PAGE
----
The Falmouth High girls’ lacrosse team celebrates after winning the Class A state championship in 2019. This spring, all teams will get to participate in the postseason, regardless of win-loss record. Derek Davis/Staff Photographer

The Maine Principals’ Association will be returning to an open tournament concept, with every team eligible for the postseason during the 2021 spring sports season.

That news was included in the spring sports bulletins which were sent out to schools throughout the state on Wednesday. In a normal season, 67 percent of all teams in a particular enrollment class qualify for the MPA’s postseason tournaments. But the coronavirus pandemic has made this school year anything but normal.

After the 2020 spring season was canceled at the onset of the pandemic, the fall and winter seasons of the 2020-21 school year were both modified, without any postseason tournaments. On March 12, the MPA announced that the spring season would begin on time and would include postseason play.

Heal points will continue to be used to seed the teams for the playoffs. Teams may opt out of the tournament.

MPA Executive Director Mike Burnham said it will be a one-time only return to the open tournament, last used from 2000-02. He said representatives of all spring sports that use Heal points recommended using the open tourney format.

“Every committee, independent of each other but working together, said it made sense this year,” said Burnham. “It made sense this year to give everyone a chance and not punish anyone because of their schedule and the number of games they played.”

Athletic directors agreed that it made sense to open the tournaments up again, given the current circumstances.

“We had a feeling that was going to happen,” said Kennebunk Athletic Director Joe Schwartzman. “That way, if a school gets shut down for a week or 10 days and if it can’t make up those games … it won’t affect them for the playoffs.”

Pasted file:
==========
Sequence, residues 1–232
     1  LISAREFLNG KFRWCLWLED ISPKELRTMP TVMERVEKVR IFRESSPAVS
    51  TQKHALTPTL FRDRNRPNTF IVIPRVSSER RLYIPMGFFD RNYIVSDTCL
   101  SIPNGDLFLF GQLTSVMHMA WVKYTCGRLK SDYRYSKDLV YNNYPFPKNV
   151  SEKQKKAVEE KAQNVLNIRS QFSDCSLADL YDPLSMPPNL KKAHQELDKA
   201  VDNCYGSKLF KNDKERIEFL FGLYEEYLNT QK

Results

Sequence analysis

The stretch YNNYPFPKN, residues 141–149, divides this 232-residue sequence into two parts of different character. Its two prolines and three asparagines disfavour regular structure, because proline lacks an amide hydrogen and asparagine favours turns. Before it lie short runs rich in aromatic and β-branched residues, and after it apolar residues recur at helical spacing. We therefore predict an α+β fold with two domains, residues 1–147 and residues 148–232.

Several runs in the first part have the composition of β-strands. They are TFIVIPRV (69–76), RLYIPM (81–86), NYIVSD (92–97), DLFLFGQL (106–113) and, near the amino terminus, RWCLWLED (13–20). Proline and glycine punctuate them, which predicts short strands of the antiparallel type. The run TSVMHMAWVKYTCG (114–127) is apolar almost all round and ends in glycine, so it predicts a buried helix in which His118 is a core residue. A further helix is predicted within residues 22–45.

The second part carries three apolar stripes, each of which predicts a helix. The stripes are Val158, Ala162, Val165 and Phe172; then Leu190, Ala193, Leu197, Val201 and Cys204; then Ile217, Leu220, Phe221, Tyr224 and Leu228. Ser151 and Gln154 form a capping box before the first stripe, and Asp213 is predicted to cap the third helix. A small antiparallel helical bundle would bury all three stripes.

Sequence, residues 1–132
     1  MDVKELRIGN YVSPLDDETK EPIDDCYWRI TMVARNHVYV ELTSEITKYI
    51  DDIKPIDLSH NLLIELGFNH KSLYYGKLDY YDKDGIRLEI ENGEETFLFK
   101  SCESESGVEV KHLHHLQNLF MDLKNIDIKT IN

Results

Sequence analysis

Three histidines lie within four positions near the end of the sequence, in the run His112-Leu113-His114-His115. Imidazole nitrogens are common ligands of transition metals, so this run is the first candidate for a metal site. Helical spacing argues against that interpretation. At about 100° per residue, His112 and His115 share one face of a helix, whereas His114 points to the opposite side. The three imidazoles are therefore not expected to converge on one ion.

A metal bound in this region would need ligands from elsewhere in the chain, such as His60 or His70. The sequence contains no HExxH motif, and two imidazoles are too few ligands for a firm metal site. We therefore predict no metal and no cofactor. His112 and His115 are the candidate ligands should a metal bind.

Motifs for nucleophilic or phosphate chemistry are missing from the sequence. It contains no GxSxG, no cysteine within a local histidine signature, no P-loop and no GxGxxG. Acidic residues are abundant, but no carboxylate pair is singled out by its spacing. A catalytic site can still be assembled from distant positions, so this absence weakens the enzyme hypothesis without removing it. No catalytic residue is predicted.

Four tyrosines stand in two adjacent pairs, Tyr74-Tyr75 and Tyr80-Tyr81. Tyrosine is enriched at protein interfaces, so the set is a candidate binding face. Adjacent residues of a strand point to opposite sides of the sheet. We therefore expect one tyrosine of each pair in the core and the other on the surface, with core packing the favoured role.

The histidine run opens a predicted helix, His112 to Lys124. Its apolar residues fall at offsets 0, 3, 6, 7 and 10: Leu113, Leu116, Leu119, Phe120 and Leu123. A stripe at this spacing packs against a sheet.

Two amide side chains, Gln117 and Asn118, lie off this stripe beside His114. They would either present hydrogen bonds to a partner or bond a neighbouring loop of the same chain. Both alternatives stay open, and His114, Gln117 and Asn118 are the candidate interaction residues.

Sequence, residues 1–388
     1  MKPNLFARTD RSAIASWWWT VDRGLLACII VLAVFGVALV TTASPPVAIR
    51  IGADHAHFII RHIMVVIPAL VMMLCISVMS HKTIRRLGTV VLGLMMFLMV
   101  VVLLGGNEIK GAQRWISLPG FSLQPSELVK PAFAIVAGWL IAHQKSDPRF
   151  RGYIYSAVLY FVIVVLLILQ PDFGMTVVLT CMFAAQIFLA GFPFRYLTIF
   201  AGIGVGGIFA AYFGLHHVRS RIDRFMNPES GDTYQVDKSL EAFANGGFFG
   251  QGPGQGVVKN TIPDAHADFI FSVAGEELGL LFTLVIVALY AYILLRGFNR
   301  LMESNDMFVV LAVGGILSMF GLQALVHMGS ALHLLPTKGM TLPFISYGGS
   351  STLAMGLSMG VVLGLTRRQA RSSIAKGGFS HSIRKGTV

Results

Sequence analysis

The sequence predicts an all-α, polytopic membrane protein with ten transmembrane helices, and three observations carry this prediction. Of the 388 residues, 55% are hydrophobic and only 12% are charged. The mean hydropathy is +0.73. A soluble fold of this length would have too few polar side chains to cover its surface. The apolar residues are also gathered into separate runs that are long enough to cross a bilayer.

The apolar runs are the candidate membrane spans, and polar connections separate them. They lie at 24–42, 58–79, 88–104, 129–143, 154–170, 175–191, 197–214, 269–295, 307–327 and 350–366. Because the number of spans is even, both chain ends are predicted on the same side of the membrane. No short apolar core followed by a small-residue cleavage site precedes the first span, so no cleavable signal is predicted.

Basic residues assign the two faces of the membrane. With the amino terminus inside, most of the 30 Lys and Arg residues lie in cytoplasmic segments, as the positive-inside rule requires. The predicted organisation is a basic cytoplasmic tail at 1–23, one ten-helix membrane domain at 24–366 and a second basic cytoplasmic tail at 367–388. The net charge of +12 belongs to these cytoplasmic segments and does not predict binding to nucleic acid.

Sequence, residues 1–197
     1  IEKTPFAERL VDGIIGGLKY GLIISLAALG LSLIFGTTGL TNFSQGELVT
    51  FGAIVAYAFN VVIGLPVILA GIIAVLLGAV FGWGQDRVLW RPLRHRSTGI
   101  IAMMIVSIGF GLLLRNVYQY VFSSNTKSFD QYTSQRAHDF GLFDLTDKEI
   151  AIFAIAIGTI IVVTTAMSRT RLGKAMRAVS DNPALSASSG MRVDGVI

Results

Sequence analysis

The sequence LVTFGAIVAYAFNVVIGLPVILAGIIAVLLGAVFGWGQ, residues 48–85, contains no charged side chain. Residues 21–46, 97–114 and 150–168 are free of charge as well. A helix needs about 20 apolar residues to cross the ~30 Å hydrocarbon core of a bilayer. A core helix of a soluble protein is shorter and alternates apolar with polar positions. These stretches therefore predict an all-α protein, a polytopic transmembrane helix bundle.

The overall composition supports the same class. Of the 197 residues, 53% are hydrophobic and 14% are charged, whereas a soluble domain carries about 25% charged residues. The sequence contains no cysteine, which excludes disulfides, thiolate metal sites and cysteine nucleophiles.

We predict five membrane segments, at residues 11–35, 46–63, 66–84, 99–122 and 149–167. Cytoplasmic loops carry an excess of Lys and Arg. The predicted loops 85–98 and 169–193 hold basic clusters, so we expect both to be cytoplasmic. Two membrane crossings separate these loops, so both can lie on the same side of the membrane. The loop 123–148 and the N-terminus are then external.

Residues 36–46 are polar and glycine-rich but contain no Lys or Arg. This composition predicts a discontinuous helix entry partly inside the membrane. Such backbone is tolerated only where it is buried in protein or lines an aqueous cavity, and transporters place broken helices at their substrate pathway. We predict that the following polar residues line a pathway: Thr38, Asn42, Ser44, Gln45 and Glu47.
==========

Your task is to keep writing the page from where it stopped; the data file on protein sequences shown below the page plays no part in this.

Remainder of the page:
And especially this spring, he added, “You never know what’s going to happen.”

South Portland Athletic Director Todd Livingston said the open tournament will allow schools to be more flexible in their scheduling, providing more opportunities for cross-scheduling with other conferences. Schools will be allowed to play an opponent three times if needed.

“Schools might run into a situation where they have to quarantine and lose games,” he said. “We all know it could be tricky this spring, especially with transportation. But if a school loses games because of the weather or quarantine, it’s not going to hurt them.”

In baseball and softball, the maximum number of games is 16; in lacrosse, the maximum is 12. Tennis teams can play 12 matches.

Each school’s Heal point divisor will be based on the number of games played. There will be no minimum number of games in the spring season if games are lost because of COVID-19.

Dean Plante, the athletic director at Old Orchard Beach, said if the MPA was going to hold tournaments, “this was the only way to do it.”

He added after losing the 2020 spring season, it will take pressure off players who missed that season of development.

“It just makes sense,” he said. “You just never know how many games you’re going to get with the whole COVID thing.”


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